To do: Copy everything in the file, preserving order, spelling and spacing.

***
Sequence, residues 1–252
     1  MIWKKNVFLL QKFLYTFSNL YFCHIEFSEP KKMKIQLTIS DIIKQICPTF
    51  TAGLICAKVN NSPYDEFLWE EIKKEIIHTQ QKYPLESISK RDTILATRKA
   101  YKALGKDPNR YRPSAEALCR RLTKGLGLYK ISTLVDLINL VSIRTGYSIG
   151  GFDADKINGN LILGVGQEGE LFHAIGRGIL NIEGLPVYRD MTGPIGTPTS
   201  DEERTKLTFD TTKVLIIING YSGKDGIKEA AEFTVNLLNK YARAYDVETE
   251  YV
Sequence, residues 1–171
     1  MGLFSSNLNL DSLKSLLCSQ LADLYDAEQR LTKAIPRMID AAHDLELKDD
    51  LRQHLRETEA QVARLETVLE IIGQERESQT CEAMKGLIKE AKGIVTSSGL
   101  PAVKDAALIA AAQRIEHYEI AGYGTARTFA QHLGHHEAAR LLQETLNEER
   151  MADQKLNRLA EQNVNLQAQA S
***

Sequence, residues 1–252
     1  MIWKKNVFLL QKFLYTFSNL YFCHIEFSEP KKMKIQLTIS DIIKQICPTF
    51  TAGLICAKVN NSPYDEFLWE EIKKEIIHTQ QKYPLESISK RDTILATRKA
   101  YKALGKDPNR YRPSAEALCR RLTKGLGLYK ISTLVDLINL VSIRTGYSIG
   151  GFDADKINGN LILGVGQEGE LFHAIGRGIL NIEGLPVYRD MTGPIGTPTS
   201  DEERTKLTFD TTKVLIIING YSGKDGIKEA AEFTVNLLNK YARAYDVETE
   251  YV
Sequence, residues 1–171
     1  MGLFSSNLNL DSLKSLLCSQ LADLYDAEQR LTKAIPRMID AAHDLELKDD
    51  LRQHLRETEA QVARLETVLE IIGQERESQT CEAMKGLIKE AKGIVTSSGL
   101  PAVKDAALIA AAQRIEHYEI AGYGTARTFA QHLGHHEAAR LLQETLNEER
   151  MADQKLNRLA EQNVNLQAQA S